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How Linear Television Advertising Gave Rise to Programmatic

July 21st, 2015   ||    by Todd Wasserman

It is easy to forget that television was once a brand-new medium with an uncertain monetization scheme, especially as most individuals carry a device capable of streaming videos in their pockets today. When television programming first launched in the late 1940s, the goal was to sell TV sets, not linear television advertising, as Jeff Kisseloff’s oral history of the early days of the medium notes.

Humble Beginnings

Since TV sets were expensive when they first hit the market, some of the earliest adopters were tavern owners. This fueled the early popularity of sports — particularly boxing — on the medium.

After establishing an audience, the television industry applied the same advertising formula that radio utilized, in which sponsors produced and controlled their own programming. This model prompted some of the first hit programs, including “Texaco Star Theater,” “Paul Whiteman’s Goodyear Revue” and “The Colgate Comedy Hour.”

A different model emerged a few years later when the networks began producing their own shows and selling commercial time to advertisers. Among those championing that scheme was Sylvester “Pat” Weaver, creator of the “Today” show.

By the 1960s, the latter model of linear television advertising took hold, but the science of TV advertising was still primitive by today’s standards. Reaching the largest number of viewers possible was the goal; little consideration was given to the capacity of the audience to actually buy the advertised products.

After discovering the value of viewer demographic data and applying it to then-popular shows, the three major U.S. networks executed the so-called “rural purge” of 1969–1972. Popular shows that drew large but less affluent audiences, like “Hee Haw,” “Petticoat Junction” and “Green Acres,” were axed.

Since that time, the broadcast and TV networks have developed programming with a penchant for more urbanized, affluent and younger viewers. Shows like “Seinfeld” and “Friends” in the 1990s hit the sweet spot by drawing that demographic and a large audience overall.

In the early 2000s, DVRs started to gain traction and the number of TV channels multiplied, causing each show to receive fewer viewers on average. In the 1972–1973 TV season — during the height of the three core networks’ popularity — the top-rated show earned an estimated audience of 21.6 million households; by comparison, 7 million to 8 million households tune in for top shows in the 2014–2015 season, according to Deadline. As The Wrap noted, “Seinfeld” made its debut in 1989 as the number 14-rated show that summer with about 8 million viewers, more than every show today except “Monday Night Football.”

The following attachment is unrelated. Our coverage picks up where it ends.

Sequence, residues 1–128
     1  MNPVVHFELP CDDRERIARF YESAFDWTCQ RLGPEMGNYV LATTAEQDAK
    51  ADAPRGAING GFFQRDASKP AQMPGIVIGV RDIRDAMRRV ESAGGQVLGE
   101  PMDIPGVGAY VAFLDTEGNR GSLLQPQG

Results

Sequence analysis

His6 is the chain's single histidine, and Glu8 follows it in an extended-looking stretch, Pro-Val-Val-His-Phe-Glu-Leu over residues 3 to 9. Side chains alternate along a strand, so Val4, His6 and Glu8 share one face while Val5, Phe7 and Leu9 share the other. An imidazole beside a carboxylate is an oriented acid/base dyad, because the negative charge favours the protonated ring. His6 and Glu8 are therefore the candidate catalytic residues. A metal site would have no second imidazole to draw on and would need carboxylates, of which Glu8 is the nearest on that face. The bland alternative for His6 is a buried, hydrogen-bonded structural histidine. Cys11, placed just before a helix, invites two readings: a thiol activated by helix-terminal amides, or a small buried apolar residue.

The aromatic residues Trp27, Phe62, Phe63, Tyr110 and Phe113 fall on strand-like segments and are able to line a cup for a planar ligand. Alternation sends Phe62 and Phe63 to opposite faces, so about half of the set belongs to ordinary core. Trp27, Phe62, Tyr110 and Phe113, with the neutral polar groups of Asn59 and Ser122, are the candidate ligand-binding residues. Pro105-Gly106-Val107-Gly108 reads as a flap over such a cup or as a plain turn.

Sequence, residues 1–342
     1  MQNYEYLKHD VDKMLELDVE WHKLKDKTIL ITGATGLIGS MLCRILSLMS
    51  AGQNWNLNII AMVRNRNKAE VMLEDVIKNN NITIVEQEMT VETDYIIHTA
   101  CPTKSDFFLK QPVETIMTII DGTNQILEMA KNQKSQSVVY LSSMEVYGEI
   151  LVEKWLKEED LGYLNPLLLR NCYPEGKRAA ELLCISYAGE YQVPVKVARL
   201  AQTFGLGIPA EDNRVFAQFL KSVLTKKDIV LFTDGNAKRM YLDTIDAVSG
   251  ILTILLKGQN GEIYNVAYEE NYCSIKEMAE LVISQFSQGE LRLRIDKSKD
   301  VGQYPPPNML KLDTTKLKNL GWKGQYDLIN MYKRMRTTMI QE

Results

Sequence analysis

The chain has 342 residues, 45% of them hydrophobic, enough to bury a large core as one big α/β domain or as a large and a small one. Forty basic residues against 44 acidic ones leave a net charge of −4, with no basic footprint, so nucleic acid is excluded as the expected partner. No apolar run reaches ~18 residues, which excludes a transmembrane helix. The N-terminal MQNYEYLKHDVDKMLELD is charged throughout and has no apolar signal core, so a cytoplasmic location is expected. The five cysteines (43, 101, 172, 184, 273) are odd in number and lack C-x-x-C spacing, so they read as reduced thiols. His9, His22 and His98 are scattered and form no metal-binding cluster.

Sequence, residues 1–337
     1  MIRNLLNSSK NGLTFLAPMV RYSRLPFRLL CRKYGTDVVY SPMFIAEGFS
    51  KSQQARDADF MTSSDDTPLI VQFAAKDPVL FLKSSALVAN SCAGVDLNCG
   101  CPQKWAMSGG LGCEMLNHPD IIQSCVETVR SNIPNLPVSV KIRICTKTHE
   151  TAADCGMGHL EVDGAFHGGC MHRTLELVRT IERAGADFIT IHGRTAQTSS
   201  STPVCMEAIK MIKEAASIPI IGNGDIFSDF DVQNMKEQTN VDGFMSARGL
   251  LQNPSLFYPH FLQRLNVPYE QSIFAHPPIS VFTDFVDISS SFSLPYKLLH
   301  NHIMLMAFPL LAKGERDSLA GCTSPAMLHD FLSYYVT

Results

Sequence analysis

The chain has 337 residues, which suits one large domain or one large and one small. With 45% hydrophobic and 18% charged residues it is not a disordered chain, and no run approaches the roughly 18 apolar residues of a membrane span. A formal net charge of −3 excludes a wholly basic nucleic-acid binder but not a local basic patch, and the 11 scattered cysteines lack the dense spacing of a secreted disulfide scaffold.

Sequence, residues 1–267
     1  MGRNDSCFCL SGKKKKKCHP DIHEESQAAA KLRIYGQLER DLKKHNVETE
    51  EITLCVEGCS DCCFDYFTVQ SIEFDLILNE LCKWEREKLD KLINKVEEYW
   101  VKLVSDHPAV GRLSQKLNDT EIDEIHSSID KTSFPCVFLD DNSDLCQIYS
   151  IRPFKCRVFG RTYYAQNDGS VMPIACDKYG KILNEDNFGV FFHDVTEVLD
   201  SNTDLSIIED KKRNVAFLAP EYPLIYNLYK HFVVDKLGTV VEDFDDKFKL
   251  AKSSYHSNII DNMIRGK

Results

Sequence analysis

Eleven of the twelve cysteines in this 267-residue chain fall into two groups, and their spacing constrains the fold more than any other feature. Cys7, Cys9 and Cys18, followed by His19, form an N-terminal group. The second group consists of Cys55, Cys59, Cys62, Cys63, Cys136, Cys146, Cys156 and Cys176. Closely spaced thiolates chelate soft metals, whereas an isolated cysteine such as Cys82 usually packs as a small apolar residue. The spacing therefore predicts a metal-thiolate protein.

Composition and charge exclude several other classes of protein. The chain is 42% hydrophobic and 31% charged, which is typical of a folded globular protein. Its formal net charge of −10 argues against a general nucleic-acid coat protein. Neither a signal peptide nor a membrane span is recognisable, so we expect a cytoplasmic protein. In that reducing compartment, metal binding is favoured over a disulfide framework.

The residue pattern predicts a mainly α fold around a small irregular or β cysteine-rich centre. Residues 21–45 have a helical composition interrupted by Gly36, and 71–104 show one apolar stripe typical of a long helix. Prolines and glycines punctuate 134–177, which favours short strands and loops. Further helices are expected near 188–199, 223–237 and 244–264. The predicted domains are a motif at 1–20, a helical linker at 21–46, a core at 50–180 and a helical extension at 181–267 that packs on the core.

Advantages to Programmatic

Today, the television ad industry is applying methods that have flourished in online advertising over the past few years. In particular, programmatic buying has become a viable and growing option for TV advertising in 2015. In programmatic, buying is automated and the targeting method of choice is based on more complex data analytics insights, rather than more straightforward demographics.

Programmatic TV offers several benefits to move the standard linear television advertising model one step further into the future. In particular, automating the buying process saves time for ad buyers and sellers alike, since many of the resource-heavy elements of these transactions can be streamlined. TV advertisements previously were used to reach as many people as possible, now advertisers can seek out consumers using a more granular approach to ensure they view the most appropriate messaging.

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